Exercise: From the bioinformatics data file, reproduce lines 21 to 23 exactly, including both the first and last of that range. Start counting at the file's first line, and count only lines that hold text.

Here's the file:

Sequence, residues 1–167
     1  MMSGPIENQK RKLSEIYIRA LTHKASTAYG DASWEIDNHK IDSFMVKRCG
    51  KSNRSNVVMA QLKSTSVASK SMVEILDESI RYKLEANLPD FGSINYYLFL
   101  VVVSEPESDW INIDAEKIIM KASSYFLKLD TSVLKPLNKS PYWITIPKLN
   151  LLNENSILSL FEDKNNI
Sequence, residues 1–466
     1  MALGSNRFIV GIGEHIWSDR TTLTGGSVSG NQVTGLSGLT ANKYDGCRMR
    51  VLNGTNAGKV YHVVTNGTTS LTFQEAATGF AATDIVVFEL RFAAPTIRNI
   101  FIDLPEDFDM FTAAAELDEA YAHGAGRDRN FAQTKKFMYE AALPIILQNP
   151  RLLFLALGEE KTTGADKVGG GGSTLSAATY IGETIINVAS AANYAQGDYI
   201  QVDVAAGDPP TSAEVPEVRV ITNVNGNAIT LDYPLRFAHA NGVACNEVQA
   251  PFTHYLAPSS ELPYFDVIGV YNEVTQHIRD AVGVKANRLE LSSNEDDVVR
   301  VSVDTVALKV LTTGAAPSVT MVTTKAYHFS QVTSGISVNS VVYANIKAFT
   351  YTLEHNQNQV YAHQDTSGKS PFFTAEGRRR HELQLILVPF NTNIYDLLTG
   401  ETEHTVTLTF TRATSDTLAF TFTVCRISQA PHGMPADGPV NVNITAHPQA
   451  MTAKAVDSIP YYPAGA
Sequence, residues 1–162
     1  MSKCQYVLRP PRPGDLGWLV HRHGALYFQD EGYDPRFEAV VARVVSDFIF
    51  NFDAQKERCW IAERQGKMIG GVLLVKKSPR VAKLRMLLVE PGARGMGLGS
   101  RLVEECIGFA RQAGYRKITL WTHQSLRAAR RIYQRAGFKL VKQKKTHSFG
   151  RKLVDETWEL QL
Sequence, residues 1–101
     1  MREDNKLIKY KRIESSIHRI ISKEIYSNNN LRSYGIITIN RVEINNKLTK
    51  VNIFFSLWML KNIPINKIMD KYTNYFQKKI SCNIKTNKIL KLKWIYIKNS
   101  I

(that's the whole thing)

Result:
   151  RKLVDETWEL QL
Sequence, residues 1–101
     1  MREDNKLIKY KRIESSIHRI ISKEIYSNNN LRSYGIITIN RVEINNKLTK